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Feast Upon The Gleam

Austria Country of Origin: Austria

Feast Upon The Gleam

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Type: Full-Length
Release Date: August 21st, 2019
Genre: Black

Review by Felix on October 4, 2020.

A menacing tremolo picking opens Kringa’s first full-length. The band from Austria is back and it still celebrates pretty unorthodox black metal. On the one hand the lead singer is far away from the typical nagging, growling or commanding presentation that thousands of other front men of the genre offer. He combines a shouting, almost punk-like approach with a desperate undertone and this way of proceeding alone ensures an individual appearance. On the other hand the music has absolutely nothing in common with the simple song patterns punk is well known for. The playtime of 45 minutes and the number of tracks (six) indicates the complexity of the material. Almost any form of conventional structure is frowned upon and there is absolutely no sense in watching out for verse-chorus-verse schemes.

Kringa put a lot of parts together in order to construct complex monuments, but they understand to do it in a clever way and without destroying the flow of the single pieces. Naturally this is no easy listening music, yet the songs also do not suffer from inaccessibility. The guitar work is mostly fantastic, either galloping ('Eroding Passage') or dangerous ('As Kaleidoscope Patterns Arise'). It escorts the lead singer who is able to convey different (but always dark) moods. His charisma further enhances the strong instrumental performance. Okay, in a few moments the songs sound like their own live version, for example during the last minute of the aforementioned 'Eroding Passage'. The track meanders aimlessly until its end. But maybe this is just the sonic portrayal of the eroding passage? It doesn’t matter. All songs impress with their variety which is never at the expense of sinister vehemence or black spirituality. Of course, the band is also able to integrate relatively melodic sequences, but their main function is to express melancholy, sadness and loneliness.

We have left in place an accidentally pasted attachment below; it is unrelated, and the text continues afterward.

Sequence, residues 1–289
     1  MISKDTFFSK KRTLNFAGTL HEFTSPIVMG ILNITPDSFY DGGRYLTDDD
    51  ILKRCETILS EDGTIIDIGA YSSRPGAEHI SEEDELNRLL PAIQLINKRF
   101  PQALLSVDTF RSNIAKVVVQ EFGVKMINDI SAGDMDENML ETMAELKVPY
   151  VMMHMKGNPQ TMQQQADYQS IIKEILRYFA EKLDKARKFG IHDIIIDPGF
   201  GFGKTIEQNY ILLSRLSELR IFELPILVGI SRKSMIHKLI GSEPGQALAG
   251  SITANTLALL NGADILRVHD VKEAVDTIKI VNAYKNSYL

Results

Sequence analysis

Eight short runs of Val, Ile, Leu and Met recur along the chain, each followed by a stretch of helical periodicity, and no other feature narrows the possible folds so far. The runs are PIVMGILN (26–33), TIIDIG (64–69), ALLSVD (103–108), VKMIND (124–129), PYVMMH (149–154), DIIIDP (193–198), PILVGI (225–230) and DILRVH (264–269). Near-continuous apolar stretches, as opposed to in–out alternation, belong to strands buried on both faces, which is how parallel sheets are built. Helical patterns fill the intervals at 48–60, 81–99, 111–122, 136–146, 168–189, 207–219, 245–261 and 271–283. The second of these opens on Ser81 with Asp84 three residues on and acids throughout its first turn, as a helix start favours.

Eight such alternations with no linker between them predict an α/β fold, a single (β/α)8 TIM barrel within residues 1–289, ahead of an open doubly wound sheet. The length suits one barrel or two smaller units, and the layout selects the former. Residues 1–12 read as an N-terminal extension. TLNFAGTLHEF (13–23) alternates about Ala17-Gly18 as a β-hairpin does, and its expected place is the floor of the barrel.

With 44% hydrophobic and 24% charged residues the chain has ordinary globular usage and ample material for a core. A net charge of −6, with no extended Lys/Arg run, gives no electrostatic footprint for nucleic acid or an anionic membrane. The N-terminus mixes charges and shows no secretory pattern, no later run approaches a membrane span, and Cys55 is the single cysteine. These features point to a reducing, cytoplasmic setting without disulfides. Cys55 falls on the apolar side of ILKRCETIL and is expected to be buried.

Feast Upon The Gleam can rely on more than solid production. Sometimes the snare drum vanishes in the background in view of the dominant guitars, but that’s not a huge problem. Five or ten percent more transparency would have been helpful. Nevertheless, the songs have enough power to create a stimulating black metal scenario. Kringa paint very bleak and simultaneously very expressive pictures that develop their own kind of fascination. There are only very few sections that forget to cast a spell on the listener. Given this situation, two things must be mentioned. The popular form of (mostly Finnish) black metal is a fantastic form of art and Kringa’s music has not much in common with this more or less globally dominating approach. Yet regardless of their different understanding of the subgenre, the Austrian dudes have released an inspiring and temperamental album that spreads the pure mentality of black metal in a sophisticated manner. As long as the guys are able to keep the balance between slightly experimental sounds and thundering sections, they definitely enrich the worldwide scene.

Rating: 8.7 out of 10